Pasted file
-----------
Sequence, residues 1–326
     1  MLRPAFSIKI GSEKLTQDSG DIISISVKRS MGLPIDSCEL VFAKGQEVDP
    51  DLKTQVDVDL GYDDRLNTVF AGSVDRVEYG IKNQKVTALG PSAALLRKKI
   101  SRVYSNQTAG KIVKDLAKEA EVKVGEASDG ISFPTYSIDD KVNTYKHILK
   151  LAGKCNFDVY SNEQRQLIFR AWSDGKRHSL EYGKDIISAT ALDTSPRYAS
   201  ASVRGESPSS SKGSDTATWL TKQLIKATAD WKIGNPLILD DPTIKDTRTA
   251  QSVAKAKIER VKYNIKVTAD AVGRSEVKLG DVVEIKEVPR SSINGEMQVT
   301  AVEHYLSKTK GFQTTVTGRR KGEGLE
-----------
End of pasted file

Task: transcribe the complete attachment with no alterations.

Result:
Sequence, residues 1–326
     1  MLRPAFSIKI GSEKLTQDSG DIISISVKRS MGLPIDSCEL VFAKGQEVDP
    51  DLKTQVDVDL GYDDRLNTVF AGSVDRVEYG IKNQKVTALG PSAALLRKKI
   101  SRVYSNQTAG KIVKDLAKEA EVKVGEASDG ISFPTYSIDD KVNTYKHILK
   151  LAGKCNFDVY SNEQRQLIFR AWSDGKRHSL EYGKDIISAT ALDTSPRYAS
   201  ASVRGESPSS SKGSDTATWL TKQLIKATAD WKIGNPLILD DPTIKDTRTA
   251  QSVAKAKIER VKYNIKVTAD AVGRSEVKLG DVVEIKEVPR SSINGEMQVT
   301  AVEHYLSKTK GFQTTVTGRR KGEGLE